In ITER-like representative volumes, mass re-distribution in pebble beds due to fragmentation was shown to induce subtle changes to local packing fractions yet have the ability to result in macroscopically consequential changes to temperature distributions with volumetric heating. Pebble fragmentation had the largest impact when fragments were significantly smaller than the original pebble (fragments 1/125 the volume of the original) and a comparably large number of pebbles were crushed, 5%. In this case, maximum pebble bed temperatures increased approximately 20% compared to the well-packed bed with a nuclear heating rate of 8 W/cc. Yet when pebbles broke into larger fragments and the amount of broken pebbles was less extensive, the thermomechanical response of pebble beds was significantly more tame; less than 5% increases in maximum bed temperatures were seen in all pebble beds considered when only 1% of the pebbles fragmented.

From the same parametric range of ITER representative pebble bed configurations, the models predict that horizontal-style configurations of breeder zones, such as in the EU HCPB design for ITER, produced no gap between the upper layer of pebbles and coolant surface even up to 5% of all pebbles fragmenting during operation. In fact, the configuration’s orientation relative to gravity resulted in slight broadening of temperature profiles, and even slightly lower peak-to-average temperatures than vertical-style configurations, as packing structures evolved due to fragmentation. Interstitial helium was seen to accommodate much of the loss of contact conductance on overall thermal transport in packed beds, in spite of the possibility of gap formation. The role of flowing helium purge gas has been considered for the first time by the models of fusion pebble beds developed for this thesis, and its impact on thermal transport was given some careful attention in an LBM-based model.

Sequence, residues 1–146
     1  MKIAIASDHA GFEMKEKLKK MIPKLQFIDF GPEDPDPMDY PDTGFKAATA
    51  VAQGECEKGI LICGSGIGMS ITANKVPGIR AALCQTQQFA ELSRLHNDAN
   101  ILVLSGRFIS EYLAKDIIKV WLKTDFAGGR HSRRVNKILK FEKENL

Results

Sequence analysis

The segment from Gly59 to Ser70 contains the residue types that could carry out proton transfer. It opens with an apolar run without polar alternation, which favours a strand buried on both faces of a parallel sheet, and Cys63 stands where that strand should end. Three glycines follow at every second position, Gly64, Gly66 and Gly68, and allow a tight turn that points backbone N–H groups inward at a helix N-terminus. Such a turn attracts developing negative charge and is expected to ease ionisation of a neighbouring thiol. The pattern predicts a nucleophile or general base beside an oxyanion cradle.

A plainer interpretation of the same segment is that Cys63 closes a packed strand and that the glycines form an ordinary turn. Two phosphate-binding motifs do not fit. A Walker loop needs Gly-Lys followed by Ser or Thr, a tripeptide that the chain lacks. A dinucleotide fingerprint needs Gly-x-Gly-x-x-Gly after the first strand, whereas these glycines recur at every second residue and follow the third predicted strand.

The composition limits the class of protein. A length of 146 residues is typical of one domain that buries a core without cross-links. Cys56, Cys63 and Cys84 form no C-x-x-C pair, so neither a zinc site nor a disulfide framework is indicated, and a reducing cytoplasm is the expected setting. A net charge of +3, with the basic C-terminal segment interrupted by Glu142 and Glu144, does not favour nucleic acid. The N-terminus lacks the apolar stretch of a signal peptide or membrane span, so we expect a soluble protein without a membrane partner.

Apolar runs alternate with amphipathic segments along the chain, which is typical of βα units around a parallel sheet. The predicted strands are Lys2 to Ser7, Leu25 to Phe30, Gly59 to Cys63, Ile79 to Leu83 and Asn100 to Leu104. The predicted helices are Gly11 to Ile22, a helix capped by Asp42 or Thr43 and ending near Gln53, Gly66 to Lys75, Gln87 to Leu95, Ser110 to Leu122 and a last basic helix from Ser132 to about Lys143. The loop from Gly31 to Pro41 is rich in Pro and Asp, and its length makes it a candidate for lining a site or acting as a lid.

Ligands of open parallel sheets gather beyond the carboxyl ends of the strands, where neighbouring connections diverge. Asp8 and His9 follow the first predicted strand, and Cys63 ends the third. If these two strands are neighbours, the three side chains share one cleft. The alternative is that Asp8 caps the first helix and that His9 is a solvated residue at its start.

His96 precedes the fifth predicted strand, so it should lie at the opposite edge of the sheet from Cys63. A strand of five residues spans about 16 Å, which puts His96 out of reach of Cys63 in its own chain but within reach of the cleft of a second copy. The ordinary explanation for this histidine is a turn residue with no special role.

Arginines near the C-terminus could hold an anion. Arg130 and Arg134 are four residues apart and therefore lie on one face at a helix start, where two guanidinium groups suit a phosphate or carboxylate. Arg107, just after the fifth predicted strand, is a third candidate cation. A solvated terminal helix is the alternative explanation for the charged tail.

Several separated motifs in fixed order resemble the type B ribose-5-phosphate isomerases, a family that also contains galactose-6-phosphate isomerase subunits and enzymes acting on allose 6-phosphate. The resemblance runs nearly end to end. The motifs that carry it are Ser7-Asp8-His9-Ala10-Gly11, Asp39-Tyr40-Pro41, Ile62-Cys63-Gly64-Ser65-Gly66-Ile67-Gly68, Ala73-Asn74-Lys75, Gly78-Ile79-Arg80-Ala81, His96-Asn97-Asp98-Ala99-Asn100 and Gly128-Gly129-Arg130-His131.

From LBM results, the laminar nature of low-Reynolds flow in packed beds implies conduction is the dominant mode of heat transfer through the packed bed. The maximum difference between temperature profiles predicted with CFD-DEM and LBM-DEM models was only 6%, the difference arising entirely from the pure conduction model (volume-averaged CFD-DEM) versus the consideration of fluctuation terms (LBM) adding to a transverse thermal dispersion on effective conductivity. For a design which will have such low-Re flow, CFD-DEM simulations were run in considerably less time than the full models of LBM-DEM (hours compared to days) and the error from neglecting thermal dispersion may be acceptable. Nevertheless, the small differences between LBM and CFD-DEM results arose due to increases in transverse dispersive conductivity of the fluid which itself suggest larger Reynolds or higher packing fraction pebble beds may increase transverse dispersion and thereby the ability to handle higher heat deposition due to increased effective conductivity. The LBM model of fluid and solid interaction should be used for future studies of this topic.